Notes on the Mint-towns and Coins of the Mohamedans from the Earliest Period of the Present Time: With Map and a Table Showing the Dinars, Dirhems and Fulus of the Amawee and Abasee Khaleefehs from the Year 79 to 332 A.H.

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Stevens & sons, 1885 - Gazetteers - 110 pages
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Page 59 - During the occupation of the peninsula by the Arabs the place served as a frontier town, and its castle was often taken from the Arabs and retaken by them until 1086, when it was finally taken by Alphonso VI., the conqueror of Toledo, who annexed it to the bishopric of Toledo, to which it now belongs. It continued to be a mere village until the reign of Henry III. of Castile, who, being passionately fond of...
Page 4 - Ahwuz occupies but a small portion of the site of the old city, on the eastern bank of the Karun, and exhibits a mean and solitary appearance when contrasted with the immense mass of ruins. Its houses are almost entirely built of stone brought from the ruins, and it can only boast of one decent building, a mosque, apparently modern. The population at present does not exceed 1600 souls.
Page 32 - European adventure. The ancient metropolis of a once mighty race, the only permanent settlement in Eastern Africa, the reported seat of Moslem learning, a walled city of stone houses, possessing its independent chief, its peculiar population, its unknown language, and its own coinage, the emporium of the coffee trade, the head-quarters of slavery, the birth-place of the Kat plant, 3 and the great manufactory of cotton-cloths, amply, it appeared, deserved the trouble of exploration.
Page iv - Greeks, who made a voluntary sacrifice of truth to the delicacy of their ears, appear to have altered by design almost all the oriental names, which they introduced into their elegant, but romantick histories...
Page 44 - ... laying the foundations of the city-wall. They were to have given a signal at that precise moment by ringing a number of bells, which were suspended to cords supported by poles along the whole circumference of the intended wall; but a raven happening to alight upon one of the cords, the bells were put in motion before the chosen time; and the builders, who were waiting for the signal, immediately commenced their work. Thus the city was founded at an inauspicious, instead of a fortunate, moment.•...
Page 57 - Muhammadan buildings, which yet remain in a tolerable state of preservation. When the Afghdn kings of Bengal established their independence, they transferred the seat of government to PANDUAH...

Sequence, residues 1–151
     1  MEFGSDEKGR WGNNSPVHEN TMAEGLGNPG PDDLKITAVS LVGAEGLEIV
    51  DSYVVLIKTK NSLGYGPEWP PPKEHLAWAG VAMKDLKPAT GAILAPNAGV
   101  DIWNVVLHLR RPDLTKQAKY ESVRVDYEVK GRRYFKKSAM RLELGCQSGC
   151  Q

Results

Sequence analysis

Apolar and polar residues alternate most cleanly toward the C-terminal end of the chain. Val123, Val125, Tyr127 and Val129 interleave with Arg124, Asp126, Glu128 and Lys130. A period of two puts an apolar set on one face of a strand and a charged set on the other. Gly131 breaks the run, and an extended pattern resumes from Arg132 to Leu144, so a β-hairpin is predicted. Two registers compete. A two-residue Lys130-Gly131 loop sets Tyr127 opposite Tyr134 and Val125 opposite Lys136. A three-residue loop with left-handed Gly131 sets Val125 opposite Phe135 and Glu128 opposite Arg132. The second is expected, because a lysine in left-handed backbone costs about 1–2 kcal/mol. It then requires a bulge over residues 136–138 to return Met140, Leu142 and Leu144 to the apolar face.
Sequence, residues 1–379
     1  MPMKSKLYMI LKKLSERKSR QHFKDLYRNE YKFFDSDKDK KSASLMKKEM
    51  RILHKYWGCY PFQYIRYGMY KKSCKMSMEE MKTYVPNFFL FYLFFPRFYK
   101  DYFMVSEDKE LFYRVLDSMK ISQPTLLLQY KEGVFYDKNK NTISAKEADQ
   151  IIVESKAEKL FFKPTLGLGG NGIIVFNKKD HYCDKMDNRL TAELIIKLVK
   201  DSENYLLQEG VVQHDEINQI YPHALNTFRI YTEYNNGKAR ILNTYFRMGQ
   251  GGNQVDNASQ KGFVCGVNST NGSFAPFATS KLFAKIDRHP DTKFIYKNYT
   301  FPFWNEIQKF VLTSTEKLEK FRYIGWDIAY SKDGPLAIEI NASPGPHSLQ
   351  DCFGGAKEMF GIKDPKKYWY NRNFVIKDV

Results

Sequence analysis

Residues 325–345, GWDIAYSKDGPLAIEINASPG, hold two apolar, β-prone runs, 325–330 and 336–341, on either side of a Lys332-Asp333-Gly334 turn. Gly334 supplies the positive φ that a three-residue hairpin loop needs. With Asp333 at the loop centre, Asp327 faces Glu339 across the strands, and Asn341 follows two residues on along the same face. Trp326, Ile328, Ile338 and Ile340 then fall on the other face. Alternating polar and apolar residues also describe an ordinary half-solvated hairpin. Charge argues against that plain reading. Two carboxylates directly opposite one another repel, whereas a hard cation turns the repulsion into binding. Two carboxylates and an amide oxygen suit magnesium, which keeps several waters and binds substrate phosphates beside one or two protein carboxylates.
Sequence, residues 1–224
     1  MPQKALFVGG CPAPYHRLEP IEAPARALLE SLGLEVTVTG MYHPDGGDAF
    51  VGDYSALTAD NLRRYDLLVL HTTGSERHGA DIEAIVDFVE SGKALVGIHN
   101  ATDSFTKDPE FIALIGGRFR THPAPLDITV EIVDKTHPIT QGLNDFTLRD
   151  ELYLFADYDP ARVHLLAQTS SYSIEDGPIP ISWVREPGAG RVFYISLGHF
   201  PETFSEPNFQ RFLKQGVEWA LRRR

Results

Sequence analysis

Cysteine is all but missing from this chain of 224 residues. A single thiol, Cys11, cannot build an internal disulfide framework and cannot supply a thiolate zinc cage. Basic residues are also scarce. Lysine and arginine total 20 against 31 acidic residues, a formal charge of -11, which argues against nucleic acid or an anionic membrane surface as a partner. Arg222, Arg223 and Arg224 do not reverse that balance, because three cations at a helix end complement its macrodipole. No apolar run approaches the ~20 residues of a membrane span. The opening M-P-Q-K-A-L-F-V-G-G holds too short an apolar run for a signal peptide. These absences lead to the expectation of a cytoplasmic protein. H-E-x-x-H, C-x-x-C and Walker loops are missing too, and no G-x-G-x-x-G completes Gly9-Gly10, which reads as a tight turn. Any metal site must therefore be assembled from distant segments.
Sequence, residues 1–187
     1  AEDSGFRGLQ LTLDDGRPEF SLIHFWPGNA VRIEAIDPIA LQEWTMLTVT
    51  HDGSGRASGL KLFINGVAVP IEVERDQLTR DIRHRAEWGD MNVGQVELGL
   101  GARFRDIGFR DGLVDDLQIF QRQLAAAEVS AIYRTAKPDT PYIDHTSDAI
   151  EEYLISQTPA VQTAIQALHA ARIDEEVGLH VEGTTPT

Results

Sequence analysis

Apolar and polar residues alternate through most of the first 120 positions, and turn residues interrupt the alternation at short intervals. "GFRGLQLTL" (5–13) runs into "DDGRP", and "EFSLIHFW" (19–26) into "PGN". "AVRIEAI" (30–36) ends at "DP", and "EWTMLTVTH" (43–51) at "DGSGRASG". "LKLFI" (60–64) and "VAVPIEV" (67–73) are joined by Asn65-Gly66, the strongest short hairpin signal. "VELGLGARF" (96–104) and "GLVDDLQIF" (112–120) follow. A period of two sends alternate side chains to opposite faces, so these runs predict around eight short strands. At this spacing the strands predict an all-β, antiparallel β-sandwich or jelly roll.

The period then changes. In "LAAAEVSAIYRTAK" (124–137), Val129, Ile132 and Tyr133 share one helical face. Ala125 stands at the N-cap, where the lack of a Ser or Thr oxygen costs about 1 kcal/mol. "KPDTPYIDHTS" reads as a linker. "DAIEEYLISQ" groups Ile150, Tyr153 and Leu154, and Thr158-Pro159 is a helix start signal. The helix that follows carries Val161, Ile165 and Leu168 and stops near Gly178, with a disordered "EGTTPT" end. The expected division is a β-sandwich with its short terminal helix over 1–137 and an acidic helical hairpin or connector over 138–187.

Page 44 - El-Kahireh/ whence the Italianized name Cairo. It was founded at night. Astrologers had been consulted and had fixed on a propitious moment for laying the foundations of the city-wall. They were to have given a signal at that precise moment by ringing a number of bells, which were suspended to cords supported by poles, along the whole circumference of the intended wall; but a raven happening to alight upon one of the cords, the bells were put in motion before the chosen time; and the builders, who...
Page 3 - E. long. It was originally an inconsiderable village, but in the beginning of the sixteenth century was much enlarged by the Emperor Sekunder Lody, who bestowed on it the rank of an imperial city and made it the capital of his dominions, under the name of Badulghur. Half a century later, the city was further enlarged by the Emperor Akbar, who built here an extensive palace, and again changed its name to Akbarabad. This city continued to be the seat of the Mogul government until the year 1647, when...
Page 90 - Tdngrf).—1am\ in Maldah District, Bengal. The ancient capital of Bengal after the decadence of GAUR. Its history is obscure, and the very site of the city has not been accurately determined. It is certain that it was in the immediate neighbourhood of Gaur, and west of that town, beyond the Bhdgirathf.
Page 50 - Mohammed Khan, by whom its male inhabitants were slaughtered or horribly mutilated, — its women and children given over to the most revolting slavery, — its buildings and fortifications destroyed. To commemorate this final blow to the fortunes of his adversary, the victor resolved to erect a trophy worthy of the event. Selecting from his captives 900 men, he decapitated 600, and forced the survivors to carry the gory heads of their comrades to...

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